Chile farmer helps support local actors on strike

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ALBUQUERQUE, N.M. — Negotiations between the studios and the union representing thousands of actors on strike in Hollywood have been suspended. The two sides announced they are no longer talking.

The studios say the gap between the two is “too great.”

The strike started in mid-July. SAG-AFTRA, the actor’s union, says the studios are using “bully tactics” and not putting fair proposals forward. The union wants higher pay, benefits from streaming profits and protections involving AI.

A local farmer in Albuquerque is stepping up to help some of those who are still out of work. The strike has impacted 18 productions in New Mexico, according to the state’s Film Office.

“The film industry has really worked hard to get where we’re at here in Albuquerque, and in New Mexico,” said Rick Sanchez. “We don’t want to lose the core, the foundation of what’s been built.”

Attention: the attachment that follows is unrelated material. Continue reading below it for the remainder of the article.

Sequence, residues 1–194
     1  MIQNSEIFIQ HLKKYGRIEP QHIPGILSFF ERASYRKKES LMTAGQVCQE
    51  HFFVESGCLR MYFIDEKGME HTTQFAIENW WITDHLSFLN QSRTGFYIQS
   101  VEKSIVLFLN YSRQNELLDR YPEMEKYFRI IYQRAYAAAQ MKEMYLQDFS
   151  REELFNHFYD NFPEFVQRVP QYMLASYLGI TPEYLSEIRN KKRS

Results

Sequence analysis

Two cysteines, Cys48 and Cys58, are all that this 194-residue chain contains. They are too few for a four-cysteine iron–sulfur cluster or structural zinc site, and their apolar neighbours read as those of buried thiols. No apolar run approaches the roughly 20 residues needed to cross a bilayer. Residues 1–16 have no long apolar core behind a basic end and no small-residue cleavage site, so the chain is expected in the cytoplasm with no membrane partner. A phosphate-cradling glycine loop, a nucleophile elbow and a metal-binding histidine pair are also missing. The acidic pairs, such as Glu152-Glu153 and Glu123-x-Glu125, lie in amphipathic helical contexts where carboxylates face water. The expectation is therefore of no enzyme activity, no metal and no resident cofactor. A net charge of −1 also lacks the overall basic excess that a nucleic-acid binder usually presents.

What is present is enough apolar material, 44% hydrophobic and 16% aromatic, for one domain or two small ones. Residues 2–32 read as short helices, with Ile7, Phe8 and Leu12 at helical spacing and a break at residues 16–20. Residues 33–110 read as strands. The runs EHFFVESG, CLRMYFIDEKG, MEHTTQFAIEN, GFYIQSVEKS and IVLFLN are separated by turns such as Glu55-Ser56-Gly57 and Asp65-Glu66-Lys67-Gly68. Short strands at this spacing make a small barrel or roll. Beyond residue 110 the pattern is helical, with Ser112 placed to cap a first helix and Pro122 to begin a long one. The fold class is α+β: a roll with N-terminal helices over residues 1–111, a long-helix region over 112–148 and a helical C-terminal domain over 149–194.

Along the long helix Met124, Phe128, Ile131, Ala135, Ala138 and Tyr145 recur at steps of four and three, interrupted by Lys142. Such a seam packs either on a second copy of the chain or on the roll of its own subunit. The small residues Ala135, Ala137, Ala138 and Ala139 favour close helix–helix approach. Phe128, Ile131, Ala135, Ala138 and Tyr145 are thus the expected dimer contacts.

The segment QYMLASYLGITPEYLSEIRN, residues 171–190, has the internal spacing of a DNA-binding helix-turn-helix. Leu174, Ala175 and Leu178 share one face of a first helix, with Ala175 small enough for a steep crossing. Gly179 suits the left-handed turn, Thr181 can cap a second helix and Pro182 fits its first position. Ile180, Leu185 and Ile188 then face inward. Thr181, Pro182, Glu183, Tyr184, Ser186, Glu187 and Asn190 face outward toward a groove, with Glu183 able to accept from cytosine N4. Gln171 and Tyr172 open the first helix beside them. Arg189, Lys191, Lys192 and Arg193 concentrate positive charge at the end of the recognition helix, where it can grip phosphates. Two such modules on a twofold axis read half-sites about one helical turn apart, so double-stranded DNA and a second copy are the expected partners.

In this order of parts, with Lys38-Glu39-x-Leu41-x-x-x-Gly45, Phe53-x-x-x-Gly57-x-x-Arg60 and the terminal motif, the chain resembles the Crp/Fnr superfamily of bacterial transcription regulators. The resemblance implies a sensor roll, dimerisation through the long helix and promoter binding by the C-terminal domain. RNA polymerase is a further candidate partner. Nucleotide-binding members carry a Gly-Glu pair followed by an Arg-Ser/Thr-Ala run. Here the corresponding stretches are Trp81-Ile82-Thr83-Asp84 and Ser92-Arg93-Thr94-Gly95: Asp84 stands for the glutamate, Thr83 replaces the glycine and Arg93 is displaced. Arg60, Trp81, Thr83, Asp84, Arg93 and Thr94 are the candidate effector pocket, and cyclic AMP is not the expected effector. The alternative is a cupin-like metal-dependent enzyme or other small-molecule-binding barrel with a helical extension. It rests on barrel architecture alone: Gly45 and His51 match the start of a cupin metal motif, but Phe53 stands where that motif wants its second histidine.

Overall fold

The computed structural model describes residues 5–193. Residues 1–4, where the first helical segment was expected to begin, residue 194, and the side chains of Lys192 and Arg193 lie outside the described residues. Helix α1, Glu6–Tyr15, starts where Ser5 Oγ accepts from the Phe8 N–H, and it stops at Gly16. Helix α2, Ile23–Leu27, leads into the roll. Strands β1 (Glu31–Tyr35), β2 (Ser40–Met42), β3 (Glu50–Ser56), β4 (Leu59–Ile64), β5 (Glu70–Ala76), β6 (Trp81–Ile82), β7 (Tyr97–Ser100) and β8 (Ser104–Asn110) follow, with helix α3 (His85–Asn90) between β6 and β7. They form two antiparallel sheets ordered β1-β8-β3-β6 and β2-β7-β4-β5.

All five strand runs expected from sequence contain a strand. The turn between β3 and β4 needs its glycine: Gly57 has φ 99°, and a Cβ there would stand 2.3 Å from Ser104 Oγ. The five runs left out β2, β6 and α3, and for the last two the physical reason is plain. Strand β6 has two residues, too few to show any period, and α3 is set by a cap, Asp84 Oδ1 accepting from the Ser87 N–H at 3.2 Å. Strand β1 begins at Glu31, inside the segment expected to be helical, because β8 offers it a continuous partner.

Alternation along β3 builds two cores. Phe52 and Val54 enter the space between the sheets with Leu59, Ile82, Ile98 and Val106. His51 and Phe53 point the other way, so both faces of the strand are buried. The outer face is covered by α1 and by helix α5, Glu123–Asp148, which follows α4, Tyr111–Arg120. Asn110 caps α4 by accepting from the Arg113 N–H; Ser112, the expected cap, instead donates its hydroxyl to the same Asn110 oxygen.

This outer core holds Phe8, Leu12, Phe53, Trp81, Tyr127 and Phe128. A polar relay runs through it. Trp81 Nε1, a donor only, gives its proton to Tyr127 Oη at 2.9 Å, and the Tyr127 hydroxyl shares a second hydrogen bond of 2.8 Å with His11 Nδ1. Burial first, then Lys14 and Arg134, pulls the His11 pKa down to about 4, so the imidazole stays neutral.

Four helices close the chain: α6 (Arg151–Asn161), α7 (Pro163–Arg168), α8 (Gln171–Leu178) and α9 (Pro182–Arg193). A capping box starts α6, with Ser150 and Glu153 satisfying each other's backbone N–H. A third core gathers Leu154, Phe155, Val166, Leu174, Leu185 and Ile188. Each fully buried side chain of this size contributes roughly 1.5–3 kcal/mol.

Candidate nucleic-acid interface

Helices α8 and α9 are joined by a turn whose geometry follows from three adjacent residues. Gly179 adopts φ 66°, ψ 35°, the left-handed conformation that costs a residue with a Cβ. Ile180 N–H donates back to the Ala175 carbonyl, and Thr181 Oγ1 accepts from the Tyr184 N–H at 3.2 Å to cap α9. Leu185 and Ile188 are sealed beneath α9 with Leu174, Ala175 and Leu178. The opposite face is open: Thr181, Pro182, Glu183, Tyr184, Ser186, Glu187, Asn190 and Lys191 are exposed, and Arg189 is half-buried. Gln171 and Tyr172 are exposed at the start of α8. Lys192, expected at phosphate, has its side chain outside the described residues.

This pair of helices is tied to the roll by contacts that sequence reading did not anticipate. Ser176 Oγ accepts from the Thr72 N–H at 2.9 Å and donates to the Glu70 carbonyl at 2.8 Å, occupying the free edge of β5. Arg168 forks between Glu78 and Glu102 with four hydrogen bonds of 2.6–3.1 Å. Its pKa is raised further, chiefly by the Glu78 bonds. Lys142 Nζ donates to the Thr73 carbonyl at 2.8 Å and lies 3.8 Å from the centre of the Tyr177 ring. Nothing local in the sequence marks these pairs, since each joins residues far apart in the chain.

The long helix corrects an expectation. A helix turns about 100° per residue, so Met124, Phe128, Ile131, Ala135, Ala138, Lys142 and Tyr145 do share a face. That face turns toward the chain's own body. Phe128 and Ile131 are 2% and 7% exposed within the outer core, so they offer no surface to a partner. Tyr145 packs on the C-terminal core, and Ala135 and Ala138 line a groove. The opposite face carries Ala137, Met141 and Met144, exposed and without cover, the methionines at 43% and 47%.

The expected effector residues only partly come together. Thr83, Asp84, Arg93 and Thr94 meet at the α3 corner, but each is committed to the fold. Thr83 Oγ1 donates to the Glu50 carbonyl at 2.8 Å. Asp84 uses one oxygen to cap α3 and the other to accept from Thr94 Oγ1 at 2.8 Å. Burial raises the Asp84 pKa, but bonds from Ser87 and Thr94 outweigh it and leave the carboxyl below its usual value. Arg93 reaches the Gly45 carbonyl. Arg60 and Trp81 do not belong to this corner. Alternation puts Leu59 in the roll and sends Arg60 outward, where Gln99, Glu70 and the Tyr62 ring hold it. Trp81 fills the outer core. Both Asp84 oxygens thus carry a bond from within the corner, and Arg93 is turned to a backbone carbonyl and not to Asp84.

Sanchez left the film and TV industry a few years ago, to become a farmer. His family has had their farmland for more than 60 years.

Sanchez is one of the local farmers who sells ristras on 4th Street in the North Valley – Garcia Farms. Before that, he had worked for years as a grip on film and TV sets.

A few months ago, he started helping some industry workers in a small way, after one friend confessed they’re not doing well.

“He expressed to me, ‘I don’t know how I’m going to make my mortgage payment this month,’ and I thought, ‘What? That’s crazy,'” Sanchez said.

So, a few folks come to help tie ristras, and get some of the profits.

Sanchez is hoping to help even more with events Friday, Saturday and Sunday. There will be live music, food, and ristras for sale. For more information, click here.